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NigeriaNigeria is one of many food-deficient countries in Africa, and its alarming hunger statistics are tied with high levels of conflict that have plagued the region surrounding Nigeria for years. A food crisis such as Nigeria’s causes distressing levels of stunting in children and is correlated with high rates of poverty. The following are the top 10 facts about hunger in Nigeria.

10 Eye-Opening Facts About Hunger in Nigeria

  1. One-third of children under five are stunted. This statistic is particularly concerning because it is twice the rate of Thailand and three times the rate of Tunisia. Stunting in children is a common symptom of undernourishment and can only be alleviated with a steady supply of adequate food.
  2. The insurgency in the country has led to a large number of displaced people without access to food. The reign of the extremist group, Boko Haram, has left 8.5 million people in need of humanitarian assistance in Nigeria.
  3. On top of the rates of displacement, 5.1 million Nigerians are malnourished. Being on the move makes food sources even less reliable. Countries with high rates of political conflict typically have hunger issues that coincide.
  4. The amount of food insecure households is highest in the rural region of Borno in Nigeria. In Borno State, 64.2 percent of households are food insecure. In late July of 2017, the government of Nigeria declared a state of food and nutrition emergency in Borno.
  5. In the states of Adamawa, Borno and Yobe there were 400,000 children under 5 at risk of severe acute malnutrition in 2016. Approximately 244,000 of these cases are in Borno alone. Food insecurity especially affects children as they are dependent on nourishment for growth and development.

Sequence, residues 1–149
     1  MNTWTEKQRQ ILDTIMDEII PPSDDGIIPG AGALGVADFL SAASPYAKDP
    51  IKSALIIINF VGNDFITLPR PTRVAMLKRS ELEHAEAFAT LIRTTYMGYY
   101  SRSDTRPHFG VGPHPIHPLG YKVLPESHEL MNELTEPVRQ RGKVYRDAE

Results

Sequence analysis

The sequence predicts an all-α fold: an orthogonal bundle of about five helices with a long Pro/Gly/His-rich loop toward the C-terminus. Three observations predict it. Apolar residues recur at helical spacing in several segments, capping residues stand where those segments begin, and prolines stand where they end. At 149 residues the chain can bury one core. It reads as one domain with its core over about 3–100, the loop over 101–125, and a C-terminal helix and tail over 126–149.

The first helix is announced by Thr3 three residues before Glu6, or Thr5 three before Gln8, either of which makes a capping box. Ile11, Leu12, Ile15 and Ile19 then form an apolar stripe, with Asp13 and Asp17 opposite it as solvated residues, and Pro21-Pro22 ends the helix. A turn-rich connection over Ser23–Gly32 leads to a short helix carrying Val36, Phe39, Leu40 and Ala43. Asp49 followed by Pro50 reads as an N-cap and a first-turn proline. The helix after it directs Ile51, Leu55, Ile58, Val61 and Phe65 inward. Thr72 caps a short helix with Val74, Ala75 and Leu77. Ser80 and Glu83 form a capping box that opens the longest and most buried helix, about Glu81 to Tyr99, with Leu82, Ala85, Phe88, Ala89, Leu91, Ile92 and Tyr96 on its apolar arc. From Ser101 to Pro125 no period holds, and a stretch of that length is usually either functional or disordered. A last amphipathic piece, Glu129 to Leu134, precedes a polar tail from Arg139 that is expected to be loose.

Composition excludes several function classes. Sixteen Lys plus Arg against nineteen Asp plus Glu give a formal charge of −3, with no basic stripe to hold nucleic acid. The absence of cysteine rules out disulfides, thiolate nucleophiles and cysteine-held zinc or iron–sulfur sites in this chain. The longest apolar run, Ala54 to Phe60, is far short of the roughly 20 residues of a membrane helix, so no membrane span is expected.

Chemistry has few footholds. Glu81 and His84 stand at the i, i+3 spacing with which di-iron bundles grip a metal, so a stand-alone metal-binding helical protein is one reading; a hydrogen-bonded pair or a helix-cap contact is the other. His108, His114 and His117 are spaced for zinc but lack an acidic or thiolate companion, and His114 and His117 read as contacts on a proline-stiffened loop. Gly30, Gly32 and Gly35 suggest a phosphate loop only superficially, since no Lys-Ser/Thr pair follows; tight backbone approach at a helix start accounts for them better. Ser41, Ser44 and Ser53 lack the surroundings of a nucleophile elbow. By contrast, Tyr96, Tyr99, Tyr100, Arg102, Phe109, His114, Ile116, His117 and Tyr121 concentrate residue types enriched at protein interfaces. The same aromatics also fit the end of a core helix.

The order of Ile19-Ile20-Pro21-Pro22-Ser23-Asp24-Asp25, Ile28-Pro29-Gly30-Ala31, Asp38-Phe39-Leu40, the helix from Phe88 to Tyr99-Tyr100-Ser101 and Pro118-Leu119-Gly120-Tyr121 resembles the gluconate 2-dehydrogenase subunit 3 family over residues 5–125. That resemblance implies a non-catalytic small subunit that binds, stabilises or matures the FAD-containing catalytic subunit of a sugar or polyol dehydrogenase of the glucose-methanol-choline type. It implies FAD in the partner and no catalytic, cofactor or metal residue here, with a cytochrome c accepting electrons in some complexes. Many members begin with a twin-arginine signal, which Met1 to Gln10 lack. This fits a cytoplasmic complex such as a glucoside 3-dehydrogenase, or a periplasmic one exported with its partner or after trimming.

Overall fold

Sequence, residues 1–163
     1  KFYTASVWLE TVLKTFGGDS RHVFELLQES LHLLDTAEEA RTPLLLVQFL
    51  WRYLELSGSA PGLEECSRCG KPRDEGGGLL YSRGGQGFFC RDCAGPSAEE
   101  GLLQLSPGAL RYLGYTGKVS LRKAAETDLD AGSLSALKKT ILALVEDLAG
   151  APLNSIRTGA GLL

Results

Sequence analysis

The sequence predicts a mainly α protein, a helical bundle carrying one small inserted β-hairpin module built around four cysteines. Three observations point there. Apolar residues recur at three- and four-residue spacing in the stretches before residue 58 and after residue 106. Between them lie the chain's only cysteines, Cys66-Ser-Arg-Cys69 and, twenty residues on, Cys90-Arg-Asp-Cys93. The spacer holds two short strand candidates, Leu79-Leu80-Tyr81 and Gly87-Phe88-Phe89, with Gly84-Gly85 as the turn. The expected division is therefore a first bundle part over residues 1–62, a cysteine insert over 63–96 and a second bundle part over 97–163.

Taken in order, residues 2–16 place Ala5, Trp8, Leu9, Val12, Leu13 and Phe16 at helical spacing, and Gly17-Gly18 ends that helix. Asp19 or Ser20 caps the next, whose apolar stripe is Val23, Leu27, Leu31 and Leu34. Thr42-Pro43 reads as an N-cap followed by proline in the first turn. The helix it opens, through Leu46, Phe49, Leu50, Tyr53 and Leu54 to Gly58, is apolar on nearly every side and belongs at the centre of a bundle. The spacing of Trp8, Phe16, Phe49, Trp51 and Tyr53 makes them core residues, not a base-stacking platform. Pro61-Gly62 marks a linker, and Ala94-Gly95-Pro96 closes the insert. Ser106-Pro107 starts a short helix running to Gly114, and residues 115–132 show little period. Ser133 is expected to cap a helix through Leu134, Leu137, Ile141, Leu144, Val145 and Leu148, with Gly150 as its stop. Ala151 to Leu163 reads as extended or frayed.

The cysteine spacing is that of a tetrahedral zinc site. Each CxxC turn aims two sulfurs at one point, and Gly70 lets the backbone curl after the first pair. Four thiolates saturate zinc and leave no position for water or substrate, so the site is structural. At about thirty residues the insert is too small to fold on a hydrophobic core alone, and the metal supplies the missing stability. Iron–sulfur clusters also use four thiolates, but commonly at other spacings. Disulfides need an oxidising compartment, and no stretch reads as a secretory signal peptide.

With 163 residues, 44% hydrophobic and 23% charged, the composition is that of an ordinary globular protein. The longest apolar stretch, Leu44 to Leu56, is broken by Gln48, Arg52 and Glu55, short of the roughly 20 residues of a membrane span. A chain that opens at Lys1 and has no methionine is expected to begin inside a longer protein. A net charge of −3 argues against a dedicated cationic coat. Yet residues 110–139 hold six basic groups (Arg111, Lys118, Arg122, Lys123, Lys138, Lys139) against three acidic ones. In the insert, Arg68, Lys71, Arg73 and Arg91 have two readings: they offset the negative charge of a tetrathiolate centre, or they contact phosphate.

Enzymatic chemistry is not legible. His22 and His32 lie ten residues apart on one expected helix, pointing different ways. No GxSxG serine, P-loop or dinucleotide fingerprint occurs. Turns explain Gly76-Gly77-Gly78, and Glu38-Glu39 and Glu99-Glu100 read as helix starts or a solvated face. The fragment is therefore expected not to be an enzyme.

6. Action Against Hunger (AAH) is active in Nigeria and has completed an assessment of risk levels in the state of Borno. AAH found levels of global acute malnutrition at 28 percent and severe malnutrition at 8 percent in Borno. These levels are especially alarming because both are almost double the international emergency threshold.
  7. Households headed by females are more inclined to have high rates of food insecurity. In the states of Adamawa, Borno and Yobe, 55 percent of female-headed households are food insecure. Women in low-income countries often have less opportunity to gain employment that would allow them to feed their families, leading to increased levels of food deficiency.
  8. Action Against Hunger has provided clinics to aid with hunger in Nigeria. These clinics provide assistance for malnourished children, nursing mothers and pregnant women. Establishments like these save countless lives every year.
  9. The International Committee of the Red Cross has been active in fighting hunger in Nigeria. In 2017, the ICRC reached over 1 million Nigerians and provided relief and livelihood training and assistance. They also provided 450,000 people in the north-east and Middle Belt regions with food for three months.
  10. Of the 17 million people living in regions affected by Boko Haram, 11 million are in need of humanitarian aid, food, water and shelter. These numbers delineate the effects of political strife on low-income countries. Dangerous and unreliable living conditions are not conducive to access to an adequate food supply.

Fighting Food Insecurity

Levels of hunger in Nigeria are alarming, but the work of organizations like AAF and ICRC have been able to begin the fight against food insecurity. Without the aid of humanitarian workers, a higher number of lives would be lost each year to malnourishment and hunger.

– Amelia Merchant

Photo: Flickr

Food Insecurity in NigeriaThe number of people who experience food insecurity in Nigeria is rising. Of Nigeria’s population of more than 160 million people, the number of undernourished people has increased from 10 million in 2010 to almost 13 million in 2012 and has been growing since.